Here are three rather eclectic working papers that appear at first glance to be of interest (certainly to me). I hope to get round to reading them this week so I cannot vouch for the quality although the List paper is bound to be interesting almost be definition.
On the Link Between Democracy and Environment
By: Drosdowski, Thomas
Using a considerable number of theoretical and empirical sources, we analyze the relationship between democracy and environment. First, we compare the situation in democracies and non-democracies. Later, we discuss environmental distribution conflicts and the role of economic growth. In addition, we illuminate the way in which democratization influences environmental policies, concentrating on the role of economic inequality. Moreover, we discuss the impact of electoral rules and systems, as well as polluting lobbies. Finally, we consider political alternatives and sum up the main conclusions.
Keywords: democracy, environmental policy, political economy
JEL: D72 Q56 Q58
Is the Endangered Species Act Endangering Species?
By: John A. List
Daniel E. Osgood
We develop theory and present a suite of theoretically consistent empirical measures to explore the extent to which market intervention inadvertently alters resource allocation in a sequentialmove principal/agent game. We showcase our approach empirically by exploring the extent to which the U.S. Endangered Species Act has altered land development patterns. We report evidence indicating significant acceleration of development directly after each of several events deemed likely to raise fears among owners of habitat land. Our preferred estimate suggests an overall acceleration of land development by roughly one year. We also find from complementary hedonic regression models that habitat parcels declined in value when the habitat map was published, which is consistent with our estimates of the degree of preemption. These results have clear implications for policymakers, who continue to discuss alternative regulatory frameworks for species preservation. More generally, our modeling strategies can be widely applied -- from any particular economic environment that has a sequential-move nature to the narrower case of the political economy of regulation.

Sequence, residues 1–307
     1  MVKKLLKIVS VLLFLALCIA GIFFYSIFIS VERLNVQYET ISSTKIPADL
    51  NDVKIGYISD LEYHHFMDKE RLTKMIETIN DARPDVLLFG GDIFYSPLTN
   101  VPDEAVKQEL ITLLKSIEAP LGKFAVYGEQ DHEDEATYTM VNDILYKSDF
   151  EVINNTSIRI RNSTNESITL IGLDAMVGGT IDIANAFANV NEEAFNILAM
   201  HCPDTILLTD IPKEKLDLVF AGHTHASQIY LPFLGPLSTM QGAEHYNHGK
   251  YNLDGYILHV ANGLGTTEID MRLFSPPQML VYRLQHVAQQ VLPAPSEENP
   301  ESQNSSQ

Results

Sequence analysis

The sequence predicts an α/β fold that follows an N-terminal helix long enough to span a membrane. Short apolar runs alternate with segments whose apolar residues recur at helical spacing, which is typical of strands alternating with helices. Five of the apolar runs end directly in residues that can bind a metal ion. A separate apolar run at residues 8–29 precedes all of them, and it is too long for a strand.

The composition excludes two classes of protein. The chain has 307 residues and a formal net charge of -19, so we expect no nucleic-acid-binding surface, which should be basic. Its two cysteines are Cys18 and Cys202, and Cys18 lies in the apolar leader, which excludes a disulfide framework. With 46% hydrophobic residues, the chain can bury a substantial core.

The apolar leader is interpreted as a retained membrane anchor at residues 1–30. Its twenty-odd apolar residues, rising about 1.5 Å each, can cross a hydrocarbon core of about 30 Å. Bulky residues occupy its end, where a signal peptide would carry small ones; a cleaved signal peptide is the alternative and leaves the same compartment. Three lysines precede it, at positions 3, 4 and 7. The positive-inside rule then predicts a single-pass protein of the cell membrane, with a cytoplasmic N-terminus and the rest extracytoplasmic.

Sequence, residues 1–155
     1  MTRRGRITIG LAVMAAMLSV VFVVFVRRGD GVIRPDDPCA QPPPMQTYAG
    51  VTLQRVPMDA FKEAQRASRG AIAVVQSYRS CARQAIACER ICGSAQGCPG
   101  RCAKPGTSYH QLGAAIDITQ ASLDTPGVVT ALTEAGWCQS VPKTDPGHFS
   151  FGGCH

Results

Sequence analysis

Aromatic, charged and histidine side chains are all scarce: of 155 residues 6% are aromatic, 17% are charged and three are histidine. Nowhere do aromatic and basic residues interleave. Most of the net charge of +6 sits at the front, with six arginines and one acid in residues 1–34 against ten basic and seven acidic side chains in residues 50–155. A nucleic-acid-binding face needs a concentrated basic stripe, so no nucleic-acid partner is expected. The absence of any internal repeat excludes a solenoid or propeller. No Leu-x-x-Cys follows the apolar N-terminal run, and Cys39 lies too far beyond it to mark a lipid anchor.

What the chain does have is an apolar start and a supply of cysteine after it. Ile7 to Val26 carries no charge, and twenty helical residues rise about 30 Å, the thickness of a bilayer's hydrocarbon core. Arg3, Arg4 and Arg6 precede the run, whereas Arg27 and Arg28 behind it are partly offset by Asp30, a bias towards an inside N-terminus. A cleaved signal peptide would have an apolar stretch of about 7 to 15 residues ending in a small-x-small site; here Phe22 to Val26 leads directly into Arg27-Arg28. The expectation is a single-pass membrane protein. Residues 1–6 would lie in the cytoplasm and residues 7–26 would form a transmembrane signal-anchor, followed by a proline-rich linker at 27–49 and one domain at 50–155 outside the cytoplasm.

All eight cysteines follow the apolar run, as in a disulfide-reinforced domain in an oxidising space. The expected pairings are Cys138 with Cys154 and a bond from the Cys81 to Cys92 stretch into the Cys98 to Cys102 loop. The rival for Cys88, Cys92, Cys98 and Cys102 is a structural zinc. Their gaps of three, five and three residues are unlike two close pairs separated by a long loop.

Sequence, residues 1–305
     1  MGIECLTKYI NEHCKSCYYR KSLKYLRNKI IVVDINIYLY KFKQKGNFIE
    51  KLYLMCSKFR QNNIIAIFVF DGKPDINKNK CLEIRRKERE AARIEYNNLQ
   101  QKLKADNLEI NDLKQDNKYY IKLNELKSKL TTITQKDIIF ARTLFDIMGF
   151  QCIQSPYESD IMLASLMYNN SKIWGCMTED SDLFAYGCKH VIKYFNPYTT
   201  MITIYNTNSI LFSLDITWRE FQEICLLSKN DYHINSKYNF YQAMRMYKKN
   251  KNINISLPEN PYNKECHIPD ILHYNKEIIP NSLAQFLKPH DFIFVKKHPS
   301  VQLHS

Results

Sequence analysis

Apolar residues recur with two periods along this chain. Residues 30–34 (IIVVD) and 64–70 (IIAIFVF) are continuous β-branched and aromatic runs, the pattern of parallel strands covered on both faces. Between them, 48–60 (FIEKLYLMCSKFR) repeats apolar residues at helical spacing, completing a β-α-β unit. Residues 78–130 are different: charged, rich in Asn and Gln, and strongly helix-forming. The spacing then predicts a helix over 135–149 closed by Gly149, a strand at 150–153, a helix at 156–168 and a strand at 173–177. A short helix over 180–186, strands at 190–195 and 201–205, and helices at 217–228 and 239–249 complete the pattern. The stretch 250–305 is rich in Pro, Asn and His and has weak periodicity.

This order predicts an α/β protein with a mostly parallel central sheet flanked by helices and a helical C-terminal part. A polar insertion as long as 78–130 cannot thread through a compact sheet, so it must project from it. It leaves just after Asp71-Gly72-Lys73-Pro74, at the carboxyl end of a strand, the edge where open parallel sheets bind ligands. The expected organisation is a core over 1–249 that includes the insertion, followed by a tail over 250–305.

JEL: H23 H41
Uncertainty In Environmental Economics
By: Robert S. Pindyck
In a world of certainty, the design of environmental policy is relatively straightforward, and boils down to maximizing the present value of the flow of social benefits minus costs. But the real world is one of considerable uncertainty -- over the physical and ecological impact of pollution, over the economic costs and benefits of reducing it, and over the discount rates that should be used to compute present values. The implications of uncertainty are complicated by the fact that most environmental policy problems involve highly nonlinear damage functions, important irreversibilities, and long time horizons. Correctly incorporating uncertainty in policy design is therefore one of the more interesting and important research areas in environmental economics. This paper offers no easy formulas or solutions for treating uncertainty -- to my knowledge, none exist. Instead, I try to clarify the ways in which various kinds of uncertainties will affect optimal policy design, and summarize what we know and don't know about the problem.
JEL: D81 L51 Q28